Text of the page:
In the Replies to the Second Set of Objections, Descartes informs us that the aim of his Meditations on First Philosophy is to provide the first principles of human knowledge, i.e. what must be known before anything else can be known. Because these principles are first principles, they cannot be established deductively, but rather they are self-evident, and must, therefore, be grasped through intuition. In the Replies to the Second Set of Objections and elsewhere, Descartes urges that there are two requirements in order to enable us to intuit these first principles – the first is the removal of all sensory prejudice (the influence of the senses), and the second is that we give full attention to what Descartes has written in his Meditations to guide us to the relevant innate ideas, through which these first principles can be intuited. In his third meditation, Descartes maintains that before anything can be known, he must know that God created his mind, and that God is not a deceiver. Given that, at this stage, he does not know anything beyond his existence as a thinking thing, Descartes attempts to establish what he needs to know about God through the innate idea he has of God.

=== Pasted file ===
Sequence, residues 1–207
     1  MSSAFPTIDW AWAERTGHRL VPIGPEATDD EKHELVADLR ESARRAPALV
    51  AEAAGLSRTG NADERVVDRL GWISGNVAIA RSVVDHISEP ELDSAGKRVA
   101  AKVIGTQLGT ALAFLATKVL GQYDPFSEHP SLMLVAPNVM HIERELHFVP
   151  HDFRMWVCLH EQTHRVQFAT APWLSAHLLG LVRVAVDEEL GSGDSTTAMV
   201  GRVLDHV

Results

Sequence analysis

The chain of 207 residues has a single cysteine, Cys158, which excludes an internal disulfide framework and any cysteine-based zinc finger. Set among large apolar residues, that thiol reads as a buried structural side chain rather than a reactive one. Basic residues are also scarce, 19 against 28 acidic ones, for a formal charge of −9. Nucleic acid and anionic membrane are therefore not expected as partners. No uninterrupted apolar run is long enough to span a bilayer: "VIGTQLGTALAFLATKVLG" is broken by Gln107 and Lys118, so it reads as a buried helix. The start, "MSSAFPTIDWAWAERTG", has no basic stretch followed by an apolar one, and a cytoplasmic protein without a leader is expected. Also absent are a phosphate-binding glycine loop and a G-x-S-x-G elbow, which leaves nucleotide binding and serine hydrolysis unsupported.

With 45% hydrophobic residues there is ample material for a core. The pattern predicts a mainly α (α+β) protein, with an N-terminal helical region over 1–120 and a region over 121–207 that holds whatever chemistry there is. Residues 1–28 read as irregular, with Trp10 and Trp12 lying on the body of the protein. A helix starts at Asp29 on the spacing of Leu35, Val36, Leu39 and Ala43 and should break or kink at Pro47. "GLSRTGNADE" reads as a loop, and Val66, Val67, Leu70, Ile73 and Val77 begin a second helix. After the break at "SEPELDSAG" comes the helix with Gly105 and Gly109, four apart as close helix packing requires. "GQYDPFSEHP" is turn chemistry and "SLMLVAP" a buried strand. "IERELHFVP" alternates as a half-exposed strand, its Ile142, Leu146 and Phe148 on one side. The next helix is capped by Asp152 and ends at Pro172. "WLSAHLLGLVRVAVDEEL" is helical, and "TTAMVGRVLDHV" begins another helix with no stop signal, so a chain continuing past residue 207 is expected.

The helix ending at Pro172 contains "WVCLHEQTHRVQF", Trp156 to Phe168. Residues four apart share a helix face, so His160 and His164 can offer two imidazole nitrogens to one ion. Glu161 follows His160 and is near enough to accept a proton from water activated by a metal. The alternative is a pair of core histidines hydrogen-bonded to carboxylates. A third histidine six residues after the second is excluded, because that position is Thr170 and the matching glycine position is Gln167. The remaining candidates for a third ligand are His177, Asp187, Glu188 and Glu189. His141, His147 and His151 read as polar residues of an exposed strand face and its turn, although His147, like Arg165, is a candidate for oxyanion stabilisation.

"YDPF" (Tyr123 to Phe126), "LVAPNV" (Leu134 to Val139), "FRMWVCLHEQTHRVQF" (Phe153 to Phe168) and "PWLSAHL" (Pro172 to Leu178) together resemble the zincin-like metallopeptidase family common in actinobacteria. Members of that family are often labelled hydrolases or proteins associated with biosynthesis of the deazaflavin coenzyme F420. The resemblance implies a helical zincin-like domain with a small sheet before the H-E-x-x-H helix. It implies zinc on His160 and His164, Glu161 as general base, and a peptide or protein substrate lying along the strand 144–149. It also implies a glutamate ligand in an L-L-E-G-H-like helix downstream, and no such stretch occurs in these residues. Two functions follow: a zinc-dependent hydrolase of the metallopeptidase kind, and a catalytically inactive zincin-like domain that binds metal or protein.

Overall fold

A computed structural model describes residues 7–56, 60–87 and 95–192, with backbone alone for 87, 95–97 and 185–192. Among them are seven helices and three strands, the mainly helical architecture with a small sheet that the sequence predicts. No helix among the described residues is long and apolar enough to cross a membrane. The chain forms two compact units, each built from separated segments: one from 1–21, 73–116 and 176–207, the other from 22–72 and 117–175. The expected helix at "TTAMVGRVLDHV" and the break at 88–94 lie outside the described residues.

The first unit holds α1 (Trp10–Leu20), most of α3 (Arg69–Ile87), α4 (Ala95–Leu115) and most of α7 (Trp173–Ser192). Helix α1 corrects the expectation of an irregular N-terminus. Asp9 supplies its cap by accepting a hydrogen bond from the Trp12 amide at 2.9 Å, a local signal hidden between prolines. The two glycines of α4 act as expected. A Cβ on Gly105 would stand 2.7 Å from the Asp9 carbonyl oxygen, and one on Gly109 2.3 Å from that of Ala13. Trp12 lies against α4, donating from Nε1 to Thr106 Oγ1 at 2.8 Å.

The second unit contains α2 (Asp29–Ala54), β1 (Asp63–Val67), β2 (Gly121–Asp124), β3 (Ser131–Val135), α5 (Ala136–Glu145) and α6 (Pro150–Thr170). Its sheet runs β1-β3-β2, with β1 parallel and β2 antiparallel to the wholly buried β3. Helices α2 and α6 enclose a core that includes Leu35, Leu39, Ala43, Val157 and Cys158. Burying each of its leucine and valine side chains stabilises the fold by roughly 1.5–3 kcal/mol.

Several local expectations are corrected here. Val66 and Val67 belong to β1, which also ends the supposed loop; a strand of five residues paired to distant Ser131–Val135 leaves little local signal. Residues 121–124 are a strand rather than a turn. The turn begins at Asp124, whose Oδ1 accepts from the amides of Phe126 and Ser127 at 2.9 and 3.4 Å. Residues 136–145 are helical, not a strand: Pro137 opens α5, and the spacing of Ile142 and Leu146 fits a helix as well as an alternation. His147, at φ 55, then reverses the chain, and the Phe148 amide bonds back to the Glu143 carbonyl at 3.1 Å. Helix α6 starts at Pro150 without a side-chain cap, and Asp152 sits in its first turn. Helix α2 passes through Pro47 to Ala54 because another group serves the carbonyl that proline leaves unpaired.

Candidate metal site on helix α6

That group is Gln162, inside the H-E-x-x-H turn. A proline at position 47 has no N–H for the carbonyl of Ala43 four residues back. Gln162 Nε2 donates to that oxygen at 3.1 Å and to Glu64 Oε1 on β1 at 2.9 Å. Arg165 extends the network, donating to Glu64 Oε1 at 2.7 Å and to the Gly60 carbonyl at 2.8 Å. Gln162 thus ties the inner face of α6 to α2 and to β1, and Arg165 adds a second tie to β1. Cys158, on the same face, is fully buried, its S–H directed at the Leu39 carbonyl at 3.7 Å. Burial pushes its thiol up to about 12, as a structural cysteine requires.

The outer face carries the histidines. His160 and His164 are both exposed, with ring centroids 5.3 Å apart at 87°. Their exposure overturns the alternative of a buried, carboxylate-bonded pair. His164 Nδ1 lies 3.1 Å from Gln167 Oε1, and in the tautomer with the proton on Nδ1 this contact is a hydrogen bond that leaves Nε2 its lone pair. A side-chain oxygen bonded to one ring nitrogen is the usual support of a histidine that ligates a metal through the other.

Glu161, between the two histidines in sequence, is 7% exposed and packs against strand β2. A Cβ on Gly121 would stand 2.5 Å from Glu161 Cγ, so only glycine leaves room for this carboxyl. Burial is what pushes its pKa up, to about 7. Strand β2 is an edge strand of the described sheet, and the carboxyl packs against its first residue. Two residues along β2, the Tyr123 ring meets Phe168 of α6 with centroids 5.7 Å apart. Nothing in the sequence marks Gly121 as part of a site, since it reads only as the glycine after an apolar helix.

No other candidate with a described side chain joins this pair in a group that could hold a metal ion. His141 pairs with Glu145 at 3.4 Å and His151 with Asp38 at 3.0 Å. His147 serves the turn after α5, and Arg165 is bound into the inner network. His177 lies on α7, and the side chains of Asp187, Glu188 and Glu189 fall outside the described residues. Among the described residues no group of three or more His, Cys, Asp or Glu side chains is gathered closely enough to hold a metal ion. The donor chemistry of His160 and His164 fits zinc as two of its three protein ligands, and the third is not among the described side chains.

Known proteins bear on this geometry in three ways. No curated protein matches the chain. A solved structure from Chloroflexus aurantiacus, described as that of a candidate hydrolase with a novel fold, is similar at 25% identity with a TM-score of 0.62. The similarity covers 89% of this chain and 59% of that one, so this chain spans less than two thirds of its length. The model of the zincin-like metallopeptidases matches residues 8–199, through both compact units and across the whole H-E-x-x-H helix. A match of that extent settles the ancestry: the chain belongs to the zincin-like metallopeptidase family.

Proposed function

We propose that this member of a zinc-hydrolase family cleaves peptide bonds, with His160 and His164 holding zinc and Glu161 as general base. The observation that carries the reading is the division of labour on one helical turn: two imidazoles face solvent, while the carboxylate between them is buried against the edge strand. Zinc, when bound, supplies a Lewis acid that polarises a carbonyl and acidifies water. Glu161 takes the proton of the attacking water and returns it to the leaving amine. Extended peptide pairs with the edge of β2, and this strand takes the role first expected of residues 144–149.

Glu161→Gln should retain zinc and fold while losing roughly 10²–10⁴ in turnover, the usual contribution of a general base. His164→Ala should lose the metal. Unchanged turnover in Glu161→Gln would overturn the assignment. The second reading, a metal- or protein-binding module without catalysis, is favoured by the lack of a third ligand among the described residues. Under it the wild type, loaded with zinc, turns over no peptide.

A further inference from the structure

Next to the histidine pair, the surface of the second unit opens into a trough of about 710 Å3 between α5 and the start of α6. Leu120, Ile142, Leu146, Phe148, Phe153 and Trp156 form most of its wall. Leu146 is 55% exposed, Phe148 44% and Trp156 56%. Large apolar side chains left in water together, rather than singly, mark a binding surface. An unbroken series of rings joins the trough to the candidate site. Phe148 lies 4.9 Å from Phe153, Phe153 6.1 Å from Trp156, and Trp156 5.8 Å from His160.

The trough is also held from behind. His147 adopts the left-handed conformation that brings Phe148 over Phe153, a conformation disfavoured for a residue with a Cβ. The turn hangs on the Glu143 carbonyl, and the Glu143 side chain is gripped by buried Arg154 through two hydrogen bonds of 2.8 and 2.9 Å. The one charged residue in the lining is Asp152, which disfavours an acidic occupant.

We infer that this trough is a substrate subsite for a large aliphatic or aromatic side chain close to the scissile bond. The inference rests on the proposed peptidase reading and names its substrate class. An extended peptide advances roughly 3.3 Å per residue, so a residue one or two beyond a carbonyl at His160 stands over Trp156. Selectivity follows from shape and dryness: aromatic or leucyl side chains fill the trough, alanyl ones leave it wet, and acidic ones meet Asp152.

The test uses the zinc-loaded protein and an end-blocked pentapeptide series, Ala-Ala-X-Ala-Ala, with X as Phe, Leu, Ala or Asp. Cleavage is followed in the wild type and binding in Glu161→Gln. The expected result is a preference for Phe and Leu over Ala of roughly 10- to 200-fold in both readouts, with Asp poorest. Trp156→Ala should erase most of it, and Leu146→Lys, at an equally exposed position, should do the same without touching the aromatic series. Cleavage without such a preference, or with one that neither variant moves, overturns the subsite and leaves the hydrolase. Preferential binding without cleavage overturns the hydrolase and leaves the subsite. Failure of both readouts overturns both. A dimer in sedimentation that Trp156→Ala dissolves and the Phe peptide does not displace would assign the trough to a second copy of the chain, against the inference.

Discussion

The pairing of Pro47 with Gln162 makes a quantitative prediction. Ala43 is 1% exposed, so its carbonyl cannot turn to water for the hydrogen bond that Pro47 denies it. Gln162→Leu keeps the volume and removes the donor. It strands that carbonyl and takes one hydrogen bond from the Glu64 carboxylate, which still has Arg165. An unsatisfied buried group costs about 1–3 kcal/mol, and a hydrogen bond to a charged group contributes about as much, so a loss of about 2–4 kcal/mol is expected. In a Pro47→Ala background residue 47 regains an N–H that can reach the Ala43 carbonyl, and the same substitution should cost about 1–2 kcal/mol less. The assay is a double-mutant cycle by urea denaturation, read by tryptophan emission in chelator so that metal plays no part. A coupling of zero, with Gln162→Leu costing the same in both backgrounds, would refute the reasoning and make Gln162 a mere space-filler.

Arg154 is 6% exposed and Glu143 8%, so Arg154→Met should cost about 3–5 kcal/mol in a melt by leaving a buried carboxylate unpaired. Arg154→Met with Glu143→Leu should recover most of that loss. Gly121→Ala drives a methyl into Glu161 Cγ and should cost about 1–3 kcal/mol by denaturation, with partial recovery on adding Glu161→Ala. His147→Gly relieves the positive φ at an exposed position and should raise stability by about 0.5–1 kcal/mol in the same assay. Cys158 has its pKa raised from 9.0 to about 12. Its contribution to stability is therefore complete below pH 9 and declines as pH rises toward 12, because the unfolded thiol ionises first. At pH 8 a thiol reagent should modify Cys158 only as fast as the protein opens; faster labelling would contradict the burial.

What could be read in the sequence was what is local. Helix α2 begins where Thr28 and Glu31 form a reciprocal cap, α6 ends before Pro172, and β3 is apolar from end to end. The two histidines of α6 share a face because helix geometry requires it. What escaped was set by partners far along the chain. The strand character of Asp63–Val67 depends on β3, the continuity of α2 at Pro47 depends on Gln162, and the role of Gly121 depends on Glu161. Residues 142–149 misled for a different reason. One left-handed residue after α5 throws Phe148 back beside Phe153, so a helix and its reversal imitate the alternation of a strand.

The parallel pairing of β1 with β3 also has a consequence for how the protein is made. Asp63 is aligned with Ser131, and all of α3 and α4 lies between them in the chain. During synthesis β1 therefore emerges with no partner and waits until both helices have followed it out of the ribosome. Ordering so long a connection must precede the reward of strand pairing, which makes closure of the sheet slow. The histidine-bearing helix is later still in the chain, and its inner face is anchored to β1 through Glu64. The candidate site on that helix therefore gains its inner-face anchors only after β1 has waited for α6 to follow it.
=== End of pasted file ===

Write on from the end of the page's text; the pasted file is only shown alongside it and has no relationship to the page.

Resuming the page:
Continue reading

Donald Blakeley on “What is Philosophy of Religion?”

Blakeley_Donald

Donald Blakeley

Donald Blakeley is Emeritus Professor of Philosophy at California State University, Fresno. We invited him to answer the question “What is Philosophy of Religion?” as part of our “Philosophers of Religion on Philosophy of Religion” series.

The question “What is philosophy of religion?” invites reflection on the nature of philosophy as well as religion. I will suppose that philosophy includes analytic concerns (logic, conceptual analysis, functions of language) and constructive (speculative, systematic) concerns (metaphysics, epistemology, value theory). The two have been combined historically, although the speculative part has for some time come under criticism for attempting to deal with matters best handled by scientific disciplines.